Late tax return submissions lead to SARS penalties

Filing your tax return every year is like a visit to the dentist – the longer you put it off, the more it’s going to hurt. If you submit your personal or company tax returns late, the South African Revenue Service (SARS) may levy an administrative penalty under section 210 of the Tax Administration Act. The Act defines various types of non-compliance and prescribes fixed-amount penalties for each type.

Previously, you were liable for administrative penalties for late submission only if you had 2 or more tax returns outstanding for the tax years 2007 to 2020. Since a change in legislation on 1 December 2022, however, SARS will charge penalties if you have even a single tax return outstanding from tax years 2007 onwards.


Common causes of tax penalties

Personal income tax

Non-compliance includes any outstanding returns or the failure to disclose information in the returns you submit. SARS could charge you a penalty if you failed to submit an income tax return for any years of assessment from 2007 onwards. But it’s still in your best interest to submit outstanding returns even if they’re late, because SARS will levy a monthly recurring penalty until you are compliant.

If you were auto-assessed and you disagree with the assessment received, you must submit a full tax return within 40 days of receiving your assessment. This return will be late and therefore subject to penalties.

Corporate income tax

If your business has not submitted an income tax return, or you submitted any corporate tax returns late, SARS could levy penalties just as they do for personal tax returns. However, SARS still issues final demands for corporate income tax returns, and your business will have 21 business days after the final demand to submit.

What penalties could end up costing

SARS levies various fixed-amount penalties, calculated on a sliding scale based on your taxable income, for different non-compliance issues, including late or missing returns. These can range from R250 to R16,000 a month. Penalties on an outstanding return recur every month, up to a maximum of 35 months.


I received a SARS penalty – what are my options?

If your penalty is correct and you do have an unsubmitted tax return, the simplest approach is to pay the penalty and submit your return. You can pay the penalty through the available SARS payment channels or make a payment arrangement if you cannot afford the once-off payment. If you don’t pay the penalty, SARS may employ an agent, typically your employer, to collect the money on their behalf – in other words, to garnish your salary or wages.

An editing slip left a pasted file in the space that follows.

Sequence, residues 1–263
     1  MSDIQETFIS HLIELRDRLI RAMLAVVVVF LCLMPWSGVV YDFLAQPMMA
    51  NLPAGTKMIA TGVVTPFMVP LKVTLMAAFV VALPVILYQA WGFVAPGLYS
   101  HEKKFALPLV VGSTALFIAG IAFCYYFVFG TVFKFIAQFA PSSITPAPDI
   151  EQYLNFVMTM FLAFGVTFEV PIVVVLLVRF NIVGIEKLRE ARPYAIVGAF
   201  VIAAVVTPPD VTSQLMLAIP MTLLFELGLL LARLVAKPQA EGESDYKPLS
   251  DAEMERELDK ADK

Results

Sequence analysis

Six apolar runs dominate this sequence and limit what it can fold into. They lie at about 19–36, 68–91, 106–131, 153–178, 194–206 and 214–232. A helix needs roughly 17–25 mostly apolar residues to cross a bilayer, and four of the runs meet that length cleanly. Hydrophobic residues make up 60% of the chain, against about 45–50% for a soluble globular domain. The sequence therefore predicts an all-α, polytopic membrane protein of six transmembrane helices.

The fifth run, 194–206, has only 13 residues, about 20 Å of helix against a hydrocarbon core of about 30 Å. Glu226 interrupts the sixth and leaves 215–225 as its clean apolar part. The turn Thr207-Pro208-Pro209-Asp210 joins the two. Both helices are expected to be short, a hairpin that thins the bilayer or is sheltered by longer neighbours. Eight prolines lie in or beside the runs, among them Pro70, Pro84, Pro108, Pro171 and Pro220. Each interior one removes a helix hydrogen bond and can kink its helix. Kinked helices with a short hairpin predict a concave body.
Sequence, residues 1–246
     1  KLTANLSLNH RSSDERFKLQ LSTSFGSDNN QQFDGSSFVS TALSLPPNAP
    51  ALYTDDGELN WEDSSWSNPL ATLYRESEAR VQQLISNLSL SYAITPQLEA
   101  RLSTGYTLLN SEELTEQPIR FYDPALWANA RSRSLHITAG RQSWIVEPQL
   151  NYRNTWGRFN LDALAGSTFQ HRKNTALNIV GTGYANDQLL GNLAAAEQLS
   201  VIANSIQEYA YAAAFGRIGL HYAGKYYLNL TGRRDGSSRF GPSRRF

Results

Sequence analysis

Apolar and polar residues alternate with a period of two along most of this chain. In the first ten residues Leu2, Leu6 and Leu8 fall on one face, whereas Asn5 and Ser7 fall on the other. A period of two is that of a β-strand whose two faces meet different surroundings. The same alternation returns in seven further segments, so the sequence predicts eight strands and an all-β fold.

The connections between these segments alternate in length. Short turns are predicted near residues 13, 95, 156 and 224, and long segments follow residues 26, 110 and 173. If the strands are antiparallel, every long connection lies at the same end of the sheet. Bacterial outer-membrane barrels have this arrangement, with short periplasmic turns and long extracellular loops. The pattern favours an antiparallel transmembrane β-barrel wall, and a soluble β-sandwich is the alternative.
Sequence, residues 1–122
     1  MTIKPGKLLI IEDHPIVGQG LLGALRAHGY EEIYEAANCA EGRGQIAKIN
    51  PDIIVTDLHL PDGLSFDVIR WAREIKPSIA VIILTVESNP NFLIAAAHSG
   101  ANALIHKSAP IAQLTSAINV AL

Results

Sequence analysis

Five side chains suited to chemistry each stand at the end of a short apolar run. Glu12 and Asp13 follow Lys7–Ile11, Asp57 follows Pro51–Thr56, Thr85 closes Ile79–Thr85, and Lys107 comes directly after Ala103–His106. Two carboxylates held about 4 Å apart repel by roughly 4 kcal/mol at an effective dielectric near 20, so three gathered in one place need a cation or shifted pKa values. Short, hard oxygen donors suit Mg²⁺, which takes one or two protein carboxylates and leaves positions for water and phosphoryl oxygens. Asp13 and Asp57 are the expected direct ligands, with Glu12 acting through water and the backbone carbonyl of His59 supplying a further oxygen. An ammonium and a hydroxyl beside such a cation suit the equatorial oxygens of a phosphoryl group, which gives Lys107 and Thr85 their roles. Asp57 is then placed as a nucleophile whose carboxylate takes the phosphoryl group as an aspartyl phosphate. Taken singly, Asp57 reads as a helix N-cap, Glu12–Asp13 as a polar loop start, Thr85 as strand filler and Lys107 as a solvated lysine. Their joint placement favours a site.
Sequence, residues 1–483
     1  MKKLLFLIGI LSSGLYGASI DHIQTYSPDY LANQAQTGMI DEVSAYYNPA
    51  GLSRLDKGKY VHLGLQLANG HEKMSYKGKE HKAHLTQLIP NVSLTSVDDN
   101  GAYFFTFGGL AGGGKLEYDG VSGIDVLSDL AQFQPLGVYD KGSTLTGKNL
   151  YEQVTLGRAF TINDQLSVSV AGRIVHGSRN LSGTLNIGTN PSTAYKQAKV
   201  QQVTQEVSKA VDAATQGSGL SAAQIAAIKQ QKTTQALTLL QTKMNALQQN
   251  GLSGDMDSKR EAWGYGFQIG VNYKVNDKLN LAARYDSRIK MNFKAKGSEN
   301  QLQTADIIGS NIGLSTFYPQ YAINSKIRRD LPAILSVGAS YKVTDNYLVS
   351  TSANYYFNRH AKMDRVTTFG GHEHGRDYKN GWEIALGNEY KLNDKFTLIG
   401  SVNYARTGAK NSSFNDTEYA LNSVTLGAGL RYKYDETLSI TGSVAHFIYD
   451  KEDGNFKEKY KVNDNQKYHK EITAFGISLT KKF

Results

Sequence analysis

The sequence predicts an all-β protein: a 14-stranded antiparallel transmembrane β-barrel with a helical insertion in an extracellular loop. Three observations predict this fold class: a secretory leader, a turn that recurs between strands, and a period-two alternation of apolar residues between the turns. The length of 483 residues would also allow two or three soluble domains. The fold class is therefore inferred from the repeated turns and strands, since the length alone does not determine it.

You will need to be compliant to register objections or request a remission

If you disagree with the penalty, however, you have some options – although you should consult a tax adviser to help you. You can submit an official request for remission (RFR) to SARS, which includes good reasons why you shouldn’t pay the penalty.


The RFR, objection and appeal process

SARS no longer issues statements of account (SOA) for penalties, but these are necessary if you want to lodge an RFR, an objection or an appeal. You can download and view an SOA on your SARS eFiling profile by searching on SARS Correspondence > Request Admin Penalty SOA. The SOA also contains payment details if all these avenues eventually find that the penalty is correct, and you must pay it.

You must have valid reasons to launch a dispute process with SARS. Reasons to include in your RFR that will be considered include:

  • You have experienced serious illness, sequestration, liquidation or you are acting for a deceased taxpayer.

  • You are not liable to file a tax return, for example, because you earn less than the tax threshold (R95,750 in the 2024 tax year). We recommend that you submit your tax return even if your taxable income is less than the threshold.

  • There has been a SARS system or other error that has prevented you from submitting your return on time.

You will need to be compliant to register objections or request a remission. The SARS efiling system will then lead you through the necessary steps. You will need to wait for SARS to rule on your RFR and confirm their decision on efiling – if it is denied, you may then submit the forms lodging an objection to that decision. If your objection is rejected, you have the option to submit an appeal.

Whether you’re a private or business taxpayer, registering for eFiling and viewing your profile is the easiest way to check on any aspect of your tax return submissions, history and reasons for penalties. You can also call the SARS Contact Centre, or make an appointment to go to a SARS branch.

If you’re still unsure of any steps you need to take to settle penalties and avoid any in future, consult a Nedbank financial adviser for sound advice on your tax affairs.